The Tax Cuts and Jobs Act of 2017 created a great deal of concern regarding its impact on charitable organizations and the deductibility of charitable contributions.
Bob Baldwin, CPA for Baldwin and Associates, and Treasurer of Lowcountry Land Trust Board of Trustees shares four important details about the new Tax Cuts and Jobs Act of 2017. Let us delve into the results of the new law.
First, individuals actually may donate more of their adjusted gross income to qualified charities than in the past. In the past, cash contributions to charities could not exceed 50% of the adjusted gross income of the individual. In 2018, individuals may make cash contributions up to 60% of their adjusted gross income.
Second, the rules concerning charitable conservation easements remain unchanged from 2017. The incentives for the donation of qualified easements remain substantial and worthy of consideration.
Third, it is true that tax rates came down from a maximum of 39.6% to 37% so the amount of income taxes savings from charitable deductions came down from prior years. But the rate differential may not be as great as you think. You need to examine what rate applies to your gift to be able to measure the importance of the tax deduction to you.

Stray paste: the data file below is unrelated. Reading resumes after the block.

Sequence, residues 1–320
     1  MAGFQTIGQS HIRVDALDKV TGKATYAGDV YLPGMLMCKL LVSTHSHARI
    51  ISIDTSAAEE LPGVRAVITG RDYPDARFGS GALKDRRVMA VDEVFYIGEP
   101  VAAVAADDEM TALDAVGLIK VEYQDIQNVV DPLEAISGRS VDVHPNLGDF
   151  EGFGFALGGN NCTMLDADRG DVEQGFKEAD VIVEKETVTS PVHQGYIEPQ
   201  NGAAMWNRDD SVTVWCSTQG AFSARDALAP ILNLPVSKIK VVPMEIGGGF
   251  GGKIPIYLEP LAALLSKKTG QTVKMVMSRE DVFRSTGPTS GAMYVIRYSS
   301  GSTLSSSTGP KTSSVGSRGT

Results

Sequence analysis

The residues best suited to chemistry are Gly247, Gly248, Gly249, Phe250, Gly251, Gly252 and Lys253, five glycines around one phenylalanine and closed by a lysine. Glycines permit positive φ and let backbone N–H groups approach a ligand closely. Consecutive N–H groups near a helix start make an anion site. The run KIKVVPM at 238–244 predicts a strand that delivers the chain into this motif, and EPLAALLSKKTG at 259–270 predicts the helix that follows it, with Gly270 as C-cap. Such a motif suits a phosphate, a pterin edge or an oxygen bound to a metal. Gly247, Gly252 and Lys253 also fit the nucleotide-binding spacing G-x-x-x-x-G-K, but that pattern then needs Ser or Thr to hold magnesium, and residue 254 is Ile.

Fourth, the big focus is on the fact that the standard deduction was increased across the board. This is the amount that each individual has which shelters income from tax. The increase means that many individuals may not itemize their deductions which includes charitable gifts unless the amounts exceed the standard deduction. So, donor’s may find that their charitable gifts are reflected in the standard deduction and thus don’t further reduce their income taxes.
While this is true, we need to be reminded that individuals over the age of 70 continue to be able to transfer as much as $100,000 of their individual retirement accounts to qualified charities without reporting the amount as income followed by a charitable itemized deduction. So those individuals who direct Qualified Charitable Donations from their Individual Retirement Accounts continue to achieve in effect tax deductibility of their charitable contributions funded by retirement funds.
As always when planning to make charitable transfers for income tax savings, contact your tax advisor to help you know that you will achieve your desired results.